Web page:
This table displays the results of Data table for Chart 3. The information is grouped by Employment size (appearing as row headers), Businesses that primarily plan to focus on exports over the next 12 months, calculated using percent units of measure (appearing as column headers).
Employment size Businesses that primarily plan to focus on exports over the next 12 months
percent
All employment sizes 5.0
1 to 19 employees 4.6
20 to 99 employees 7.2
100 or more employees 11.0

Of those businesses that plan to focus on international activity over the next 12 months, the majority plan to focus on the international market of the United States. Businesses with 1 to 19 employees (52.8%), 20 to 99 employees (70.0%), and 100 or more employees (63.6%) reported that they primarily plan to focus on the United States as an international market. On the other hand, a smaller proportion of businesses with 1 to 19 employees (15.4%), 20 to 99 employees (13.5%), and 100 or more employees (14.1%) plan to focus on Asia. Additionally, a smaller proportion of businesses with 1 to 19 employees (16.8%), 20 to 99 employees (8.6%), and 100 or more employees (11.4%) plan to focus on Europe.

Smaller businesses seek advice and interact with new customers differently than larger businesses

Small businesses were more likely to consult their friends or family for advice related to opportunities or challenges. Over one-third (36.2%) of businesses with 1 to 19 employees reported they would consult friends or family for advice over the next 12 months, while around one-fifth of businesses with 20 to 99 employees (22.1%) and 100 or more employees (15.8%) said the same.

However, smaller businesses were less likely to consult employees or colleagues and external consultants. Two-fifths (40.3%) of businesses with 1 to 19 employees reported they would seek advice from employees or colleagues in the business, compared with less than half of businesses with 20 to 99 employees (48.5%) and 100 or more employees (45.5%). One-fifth (20.5%) of businesses with 1 to 19 employees and over one-quarter (27.0%) of businesses with 20 to 99 employees said they would turn to external consultants for business advice, whereas over one-third (36.8%) of businesses with 100 or more employees said the same.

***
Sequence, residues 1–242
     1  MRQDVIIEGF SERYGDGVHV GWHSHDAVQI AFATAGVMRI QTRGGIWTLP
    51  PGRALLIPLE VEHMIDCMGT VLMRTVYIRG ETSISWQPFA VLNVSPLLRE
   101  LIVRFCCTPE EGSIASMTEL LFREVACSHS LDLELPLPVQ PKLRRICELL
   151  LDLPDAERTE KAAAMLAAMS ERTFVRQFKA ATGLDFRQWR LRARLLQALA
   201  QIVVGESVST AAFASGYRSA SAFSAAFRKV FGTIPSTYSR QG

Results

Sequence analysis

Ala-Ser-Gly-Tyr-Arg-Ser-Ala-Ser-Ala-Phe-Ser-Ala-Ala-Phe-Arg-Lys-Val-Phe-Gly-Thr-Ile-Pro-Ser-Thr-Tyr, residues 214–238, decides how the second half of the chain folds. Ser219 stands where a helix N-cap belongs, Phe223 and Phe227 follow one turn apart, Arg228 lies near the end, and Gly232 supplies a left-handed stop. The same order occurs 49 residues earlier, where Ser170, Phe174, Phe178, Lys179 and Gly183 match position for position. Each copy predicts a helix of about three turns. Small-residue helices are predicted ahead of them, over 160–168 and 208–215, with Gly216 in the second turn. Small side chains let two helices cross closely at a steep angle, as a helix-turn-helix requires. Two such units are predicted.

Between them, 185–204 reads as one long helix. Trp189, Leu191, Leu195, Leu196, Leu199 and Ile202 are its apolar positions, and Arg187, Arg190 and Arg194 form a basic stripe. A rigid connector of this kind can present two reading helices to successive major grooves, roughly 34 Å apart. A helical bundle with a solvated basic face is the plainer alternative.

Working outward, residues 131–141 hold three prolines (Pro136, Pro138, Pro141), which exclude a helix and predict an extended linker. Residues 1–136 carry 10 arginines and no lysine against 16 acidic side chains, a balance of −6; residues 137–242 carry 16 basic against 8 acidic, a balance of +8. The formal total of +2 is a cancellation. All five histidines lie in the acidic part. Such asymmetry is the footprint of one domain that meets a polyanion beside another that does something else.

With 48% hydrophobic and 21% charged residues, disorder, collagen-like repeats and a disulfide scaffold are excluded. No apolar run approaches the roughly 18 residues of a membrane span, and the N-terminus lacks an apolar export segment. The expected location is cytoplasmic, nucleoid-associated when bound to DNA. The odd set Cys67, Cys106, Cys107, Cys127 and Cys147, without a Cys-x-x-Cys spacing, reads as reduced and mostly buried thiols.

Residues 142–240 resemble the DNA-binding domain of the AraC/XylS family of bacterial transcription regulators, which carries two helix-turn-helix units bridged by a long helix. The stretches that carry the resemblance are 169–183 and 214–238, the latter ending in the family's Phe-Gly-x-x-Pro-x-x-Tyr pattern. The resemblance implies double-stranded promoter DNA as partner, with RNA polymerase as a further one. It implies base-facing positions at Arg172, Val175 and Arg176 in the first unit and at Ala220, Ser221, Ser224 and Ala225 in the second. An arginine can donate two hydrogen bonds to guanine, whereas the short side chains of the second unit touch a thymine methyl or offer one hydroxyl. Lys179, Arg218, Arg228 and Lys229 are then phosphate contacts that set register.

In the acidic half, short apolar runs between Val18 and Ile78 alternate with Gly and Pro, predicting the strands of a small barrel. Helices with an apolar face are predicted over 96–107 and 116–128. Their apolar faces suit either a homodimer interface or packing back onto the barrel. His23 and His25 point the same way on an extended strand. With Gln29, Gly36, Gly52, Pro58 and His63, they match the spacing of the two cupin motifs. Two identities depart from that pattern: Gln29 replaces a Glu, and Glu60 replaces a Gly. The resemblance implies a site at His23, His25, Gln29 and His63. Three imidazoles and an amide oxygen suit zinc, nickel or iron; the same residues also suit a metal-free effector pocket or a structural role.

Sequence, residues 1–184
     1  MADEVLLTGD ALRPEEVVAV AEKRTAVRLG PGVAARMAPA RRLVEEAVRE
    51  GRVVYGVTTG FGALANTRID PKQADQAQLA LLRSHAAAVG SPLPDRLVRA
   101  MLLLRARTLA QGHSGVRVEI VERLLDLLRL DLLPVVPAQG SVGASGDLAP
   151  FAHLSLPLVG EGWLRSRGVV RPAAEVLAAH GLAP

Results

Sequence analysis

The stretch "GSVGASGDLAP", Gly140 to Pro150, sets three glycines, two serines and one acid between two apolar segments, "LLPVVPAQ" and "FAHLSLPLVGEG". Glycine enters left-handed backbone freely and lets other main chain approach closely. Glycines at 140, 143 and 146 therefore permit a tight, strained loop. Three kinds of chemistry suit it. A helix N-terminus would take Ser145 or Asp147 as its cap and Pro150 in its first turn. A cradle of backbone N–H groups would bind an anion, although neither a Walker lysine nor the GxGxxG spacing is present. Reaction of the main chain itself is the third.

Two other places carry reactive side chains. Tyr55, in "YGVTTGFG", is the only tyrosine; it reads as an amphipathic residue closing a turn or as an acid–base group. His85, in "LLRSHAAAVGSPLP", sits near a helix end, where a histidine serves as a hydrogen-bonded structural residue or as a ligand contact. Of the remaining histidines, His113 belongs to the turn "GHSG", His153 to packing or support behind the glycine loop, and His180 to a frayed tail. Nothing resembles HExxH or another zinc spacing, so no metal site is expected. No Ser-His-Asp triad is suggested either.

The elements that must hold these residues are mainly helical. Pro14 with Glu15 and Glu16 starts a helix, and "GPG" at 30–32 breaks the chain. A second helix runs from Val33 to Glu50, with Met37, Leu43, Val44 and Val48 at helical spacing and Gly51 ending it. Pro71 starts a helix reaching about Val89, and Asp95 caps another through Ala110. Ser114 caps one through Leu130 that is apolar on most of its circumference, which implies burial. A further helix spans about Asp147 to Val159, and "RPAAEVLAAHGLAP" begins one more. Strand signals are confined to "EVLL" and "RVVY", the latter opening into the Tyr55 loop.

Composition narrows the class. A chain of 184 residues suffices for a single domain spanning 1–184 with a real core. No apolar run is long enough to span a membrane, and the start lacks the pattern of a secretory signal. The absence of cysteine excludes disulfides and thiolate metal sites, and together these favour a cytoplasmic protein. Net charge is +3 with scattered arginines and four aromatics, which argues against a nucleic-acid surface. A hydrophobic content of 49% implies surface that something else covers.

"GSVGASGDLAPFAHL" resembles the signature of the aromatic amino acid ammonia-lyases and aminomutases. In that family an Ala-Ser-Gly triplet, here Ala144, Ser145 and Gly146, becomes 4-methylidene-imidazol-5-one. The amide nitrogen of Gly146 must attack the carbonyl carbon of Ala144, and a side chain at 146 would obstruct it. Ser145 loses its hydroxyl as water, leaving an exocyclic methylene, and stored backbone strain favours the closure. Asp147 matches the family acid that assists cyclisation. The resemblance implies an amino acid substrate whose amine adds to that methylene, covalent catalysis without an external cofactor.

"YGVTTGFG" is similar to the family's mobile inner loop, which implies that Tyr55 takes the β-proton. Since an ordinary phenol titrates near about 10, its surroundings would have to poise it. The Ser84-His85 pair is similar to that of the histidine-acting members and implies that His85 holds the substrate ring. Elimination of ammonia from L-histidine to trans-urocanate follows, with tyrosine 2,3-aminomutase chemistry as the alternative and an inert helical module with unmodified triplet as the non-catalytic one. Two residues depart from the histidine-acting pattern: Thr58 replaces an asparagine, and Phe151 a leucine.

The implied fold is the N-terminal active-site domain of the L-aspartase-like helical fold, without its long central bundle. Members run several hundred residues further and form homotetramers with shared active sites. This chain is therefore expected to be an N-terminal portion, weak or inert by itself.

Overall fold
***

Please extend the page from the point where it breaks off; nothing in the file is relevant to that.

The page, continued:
Chart 4 Sources for advice business may consult over the next 12 months

Data table for Chart 4 
Data table for Chart 4
Table summary
This table displays the results of Data table for Chart 4. The information is grouped by Employment size (appearing as row headers), Friends or family, Employees or colleagues in the business and External consultants, calculated using percent units of measure (appearing as column headers).
Employment size Friends or family Employees or colleagues in the business External consultants
percent
All employment sizes 34.2 41.3 21.5
1 to 19 employees 36.2 40.3 20.5
20 to 99 employees 22.1 48.5 27.0
100 or more employees 15.8 45.5 36.8

Small businesses were less likely to reach new or existing customers, clients or partners in domestic and international markets using virtual connections. Over one in ten (12.4%) businesses with 1 to 19 employees accessed new domestic markets using virtual connections and one-quarter (25.5%) accessed existing domestic markets, whereas a larger proportion of businesses with 100 or more employees accessed new (21.8%) and existing (43.7%) domestic markets respectively. Additionally, 4.7% of businesses with 1 to 19 employees accessed new international markets using virtual connections and 5.5% accessed existing international markets, while a larger proportion of businesses with 100 or more employees accessed new (8.2%) and existing (14.6%) international markets respectively.

Methodology

From April 1 to May 6, 2021, representatives from businesses across Canada were invited to take part in an online questionnaire about how COVID-19 is affecting their business and business expectations moving forward. The Canadian Survey on Business Conditions uses a stratified random sample of business establishments with employees classified by geography, industry sector, and size. An estimation of proportions is done using calibrated weights to calculate the population totals in the domains of interest. The total sample size for this iteration of the survey is 34,169 and results are based on responses from a total of 16,937 businesses.

References

Statistics Canada. (2021). Canadian Survey on Business Conditions, second quarter of 2021.